Marketing teams are all too familiar with the daily sales versus marketing battle. The fight does not have to be perpetuated for it to continue raging because the stakes are highly personal for marketers. Winning means being rewarded with increased responsibility, autonomy, and recognition. These prizes not only advance marketers’ careers, they also allow them to remain passionate about their roles. An us versus them mentality permeates the culture across every variety of marketing from branding to digital. But in a marketer’s mind, the fight is hardly fair.
The marketing team’s perspective is that they will always be the obvious winner!
Marketing Generates Leads
The explanation is simple. Without marketing, there are no leads for the sales team to convert. Marketing’s ability to generate prospects from numerous channels is what drives revenue. Word of mouth referrals fostered by positive sales experiences supplement the pipeline of leads, but cannot sustain organizational growth alone.
Marketing content attracts, informs, and nurtures leads throughout the entire customer lifecycle, making it the lifeblood of any organization. Sales often overlooks this point, assuming marketing efforts bring in leads and then hand them off at the most critical moment. This could not be further from the truth. The content that marketing creates walks alongside consumers before, during, and after their work with the sales team.
The First Touch Point
A brand’s first touch point with a consumer is of the utmost importance. It sets the stage for the rest of the interactions that will follow, which means that first impression can solidify or sabotage the sale in an instant. Marketing teams own this touch point, which is proof enough in their minds that they have won the battle. Any marketing professional will tell you that their team puts in the sweat equity to lay a foundation so that sales can jump in and solidify the deal. Data backs this assertion. A recent study from App Data Room shows that 70% of the buying process is already complete before a prospect engages with sales.
Consumers view marketing as more trustworthy than sales because of this early engagement. Marketers and consumers alike are skeptical of the sales team’s need to hit their quotas. They perceive the hardline tactics and variable messaging that sales uses as a smarmy way to achieve their own objectives without regard to what is best for customers and the business overall. Because the marketing team does not have individual financial incentives to muddle their objectives, their messaging has purer motives. Marketing’s sole motivation is to delight prospects by offering products and services to solve their problems.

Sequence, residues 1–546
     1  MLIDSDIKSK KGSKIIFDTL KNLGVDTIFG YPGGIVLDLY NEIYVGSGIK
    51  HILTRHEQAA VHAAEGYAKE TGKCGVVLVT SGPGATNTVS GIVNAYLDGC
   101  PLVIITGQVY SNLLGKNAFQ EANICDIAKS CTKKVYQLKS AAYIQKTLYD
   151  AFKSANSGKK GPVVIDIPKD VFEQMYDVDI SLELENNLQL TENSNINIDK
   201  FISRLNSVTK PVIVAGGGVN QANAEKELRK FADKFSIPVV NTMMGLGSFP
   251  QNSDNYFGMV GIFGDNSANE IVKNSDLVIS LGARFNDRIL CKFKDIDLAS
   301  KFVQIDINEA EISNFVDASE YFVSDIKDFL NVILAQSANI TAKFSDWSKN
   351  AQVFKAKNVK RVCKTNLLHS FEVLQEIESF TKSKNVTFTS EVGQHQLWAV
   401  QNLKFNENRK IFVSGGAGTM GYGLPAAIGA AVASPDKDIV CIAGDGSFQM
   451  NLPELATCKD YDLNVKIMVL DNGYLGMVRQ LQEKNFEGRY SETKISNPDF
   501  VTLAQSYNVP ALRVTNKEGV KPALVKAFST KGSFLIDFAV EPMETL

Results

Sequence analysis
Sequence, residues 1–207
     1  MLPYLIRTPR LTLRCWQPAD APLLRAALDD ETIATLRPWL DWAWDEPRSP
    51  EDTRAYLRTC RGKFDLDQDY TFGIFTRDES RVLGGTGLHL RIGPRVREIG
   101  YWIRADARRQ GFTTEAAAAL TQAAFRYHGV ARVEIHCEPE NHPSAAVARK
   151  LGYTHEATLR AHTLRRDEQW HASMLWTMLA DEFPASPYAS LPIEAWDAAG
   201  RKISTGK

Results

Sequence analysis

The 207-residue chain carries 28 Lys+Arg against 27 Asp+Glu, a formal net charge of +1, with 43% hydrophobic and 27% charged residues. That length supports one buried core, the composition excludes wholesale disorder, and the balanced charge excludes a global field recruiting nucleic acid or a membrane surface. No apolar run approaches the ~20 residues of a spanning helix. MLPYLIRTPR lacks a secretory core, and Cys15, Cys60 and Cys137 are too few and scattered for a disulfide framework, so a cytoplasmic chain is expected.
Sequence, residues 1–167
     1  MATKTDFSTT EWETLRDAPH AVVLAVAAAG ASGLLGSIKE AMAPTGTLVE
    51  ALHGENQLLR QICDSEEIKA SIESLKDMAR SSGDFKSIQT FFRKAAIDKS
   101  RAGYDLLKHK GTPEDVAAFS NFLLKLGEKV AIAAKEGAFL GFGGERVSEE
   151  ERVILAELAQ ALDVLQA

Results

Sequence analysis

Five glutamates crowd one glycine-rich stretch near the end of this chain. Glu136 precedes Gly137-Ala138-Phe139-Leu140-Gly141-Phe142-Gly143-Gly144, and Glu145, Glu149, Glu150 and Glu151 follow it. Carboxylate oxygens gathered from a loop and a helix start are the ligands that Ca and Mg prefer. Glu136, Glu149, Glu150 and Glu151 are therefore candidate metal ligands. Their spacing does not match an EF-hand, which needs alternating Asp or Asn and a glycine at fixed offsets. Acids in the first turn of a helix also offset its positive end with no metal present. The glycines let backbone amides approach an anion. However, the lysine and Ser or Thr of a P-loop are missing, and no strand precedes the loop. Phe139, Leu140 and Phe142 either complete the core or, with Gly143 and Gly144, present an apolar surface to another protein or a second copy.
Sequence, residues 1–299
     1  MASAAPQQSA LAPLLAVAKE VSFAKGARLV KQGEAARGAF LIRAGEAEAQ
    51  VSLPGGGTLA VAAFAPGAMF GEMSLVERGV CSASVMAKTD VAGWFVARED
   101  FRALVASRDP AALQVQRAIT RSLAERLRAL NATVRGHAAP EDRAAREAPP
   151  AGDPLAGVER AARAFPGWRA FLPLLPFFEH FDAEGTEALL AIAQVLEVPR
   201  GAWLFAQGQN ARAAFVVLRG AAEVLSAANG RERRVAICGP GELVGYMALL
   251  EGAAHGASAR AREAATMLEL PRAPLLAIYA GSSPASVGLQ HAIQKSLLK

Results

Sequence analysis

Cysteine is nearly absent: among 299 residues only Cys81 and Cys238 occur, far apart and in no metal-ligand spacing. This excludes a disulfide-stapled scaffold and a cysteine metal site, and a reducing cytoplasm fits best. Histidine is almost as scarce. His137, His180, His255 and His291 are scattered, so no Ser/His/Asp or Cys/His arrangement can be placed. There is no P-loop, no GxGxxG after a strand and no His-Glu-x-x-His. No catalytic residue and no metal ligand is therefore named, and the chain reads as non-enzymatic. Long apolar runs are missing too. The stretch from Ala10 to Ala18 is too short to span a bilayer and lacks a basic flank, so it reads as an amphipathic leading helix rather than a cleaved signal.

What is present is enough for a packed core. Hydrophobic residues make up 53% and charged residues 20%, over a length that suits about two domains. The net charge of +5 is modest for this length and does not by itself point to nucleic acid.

The Data Proves that Marketing Wins
Marketers have no shortage of data to cite as proof of their victory. Audience engagement rates with their digital content tell the story of the connected consumer that is interacting with branded online content across multiple platforms. Similarly, cross-channel attribution metrics testify to the breadth of touch points needed for a prospect to convert into a sale. Industry-specific KPIs further emphasize marketing’s critical role in advancing organizational success.
What is At Stake?
Financial motivators do not drive marketers’ hard work (although they obviously will not refuse them). Marketing professionals are more concerned with recognition, peer perception, personal achievement, and additional opportunities. A victory proves their internal worth and external value to the rest of the company, as well as prospective future employers.
Like sales, marketing also has pride on the line. They want to be recognized for their toil and must believe that all the testing and reworking they execute has a practical value. A victory is proof that their efforts are not hypothetical theories or machinations. Winning gives value not only to marketers themselves, but their work as well.
To avoid the battles and create a collaboration between the sales and marketing team, you may find this org chat template helpful: